A Horrible Plumbummer
Hiya! We all know that lead (plumbum or Pb for short) is quite dodgy when it comes to our health. But why? Why is it such rubbish for us?
First, let's talk about metals.
No, not that.
No, no. Definitely not.
Metals are materials that are usually hard, shiny, and allow heat and electricity to flow through them. They can be pressed, twisted, and even fused together into all different shapes. Some metals are good for the body. If you check out the nutrition facts on a bottle of vitamins, you’ll see a list of some metals (🤘); sodium, potassium, magnesium, calcium, etc. These little fellas help speed up chemical reactions in your body. Magnesium, for instance, helps with everything from keeping the heart rhythm steady to strengthening bones.
But lead, lead is a big ol’ bummer. When it gets into your body, it wants to join the party, but often takes the place of essential metals. And because it has no function, it hinders the body from doing its job. So all of those awesome functions that sodium, potassium, magnesium, and calcium do are replaced with lead, which hurts the body. Children are especially at risk because, let’s be honest, they like to eat anything they find. Their bodies are still developing, so exposure to lead could impact their various organs and keep them from growing properly. Additionally, both children and pregnant women absorb lead more efficiently, heightening the chances of complications during pregnancy, as well.
How does lead get into the body? It can happen through various routes. Back in the day, lead was in paint, gasoline, and even cosmetics. Remnants may still be lying around and can resurface in the soil, dust, or in older products and make their way into the body through inhalation or ingestion. More recently, places like Flint, Newark, and others around the country have had issues with lead contamination from pipes. When more acidic water enters into older pipes, the water can corrode the piping system and carry lead into the tap. Unfortunately, symptoms of lead poisoning in children (abdominal pain, vomiting, irritability) can often be attributed to other ailments, causing bigger learning and behavioral developmental problems later.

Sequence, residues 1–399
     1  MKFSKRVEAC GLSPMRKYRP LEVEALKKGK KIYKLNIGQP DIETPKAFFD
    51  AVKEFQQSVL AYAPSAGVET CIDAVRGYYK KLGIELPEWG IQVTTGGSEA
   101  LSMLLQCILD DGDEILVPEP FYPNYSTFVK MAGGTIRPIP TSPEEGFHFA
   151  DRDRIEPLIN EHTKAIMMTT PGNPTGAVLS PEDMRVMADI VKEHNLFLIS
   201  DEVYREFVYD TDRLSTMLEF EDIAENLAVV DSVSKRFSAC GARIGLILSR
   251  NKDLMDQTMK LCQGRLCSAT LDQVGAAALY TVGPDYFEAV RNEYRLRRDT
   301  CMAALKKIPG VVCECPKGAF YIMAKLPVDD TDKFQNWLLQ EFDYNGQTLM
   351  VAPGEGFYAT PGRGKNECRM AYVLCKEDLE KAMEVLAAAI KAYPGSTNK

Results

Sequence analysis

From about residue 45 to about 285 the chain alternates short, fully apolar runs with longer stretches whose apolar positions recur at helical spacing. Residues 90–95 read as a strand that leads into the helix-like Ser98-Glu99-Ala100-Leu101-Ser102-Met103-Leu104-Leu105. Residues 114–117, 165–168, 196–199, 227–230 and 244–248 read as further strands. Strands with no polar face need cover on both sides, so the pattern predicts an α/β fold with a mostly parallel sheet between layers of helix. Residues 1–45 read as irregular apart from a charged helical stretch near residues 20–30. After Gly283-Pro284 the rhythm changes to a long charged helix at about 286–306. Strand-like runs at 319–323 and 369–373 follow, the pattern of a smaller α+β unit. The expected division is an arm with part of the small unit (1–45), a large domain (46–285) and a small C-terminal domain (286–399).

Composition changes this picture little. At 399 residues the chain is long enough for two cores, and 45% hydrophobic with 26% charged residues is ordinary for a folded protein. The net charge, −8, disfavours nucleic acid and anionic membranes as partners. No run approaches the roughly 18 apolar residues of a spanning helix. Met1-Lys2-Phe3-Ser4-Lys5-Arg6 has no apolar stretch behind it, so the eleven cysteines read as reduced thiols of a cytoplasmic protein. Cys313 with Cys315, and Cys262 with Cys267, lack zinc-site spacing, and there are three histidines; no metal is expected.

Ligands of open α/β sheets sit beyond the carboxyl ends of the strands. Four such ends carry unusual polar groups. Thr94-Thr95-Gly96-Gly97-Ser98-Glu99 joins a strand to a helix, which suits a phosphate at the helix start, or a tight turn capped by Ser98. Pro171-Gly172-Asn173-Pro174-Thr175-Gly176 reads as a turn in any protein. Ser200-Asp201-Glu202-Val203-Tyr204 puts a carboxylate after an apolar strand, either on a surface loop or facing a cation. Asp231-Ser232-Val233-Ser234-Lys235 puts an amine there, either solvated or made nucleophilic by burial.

In the US, you can check to see your risk of exposure here. If you can’t find information about your city, check out your local water and sewage board to find out if there are any risks in your area. Also, running your tap with cold water for 30 seconds or more before using it can help reduce the risk of lead exposure. Click here and here for more tips on how to reduce your risk.
Check it out, be safe, and make sure to get the lead out!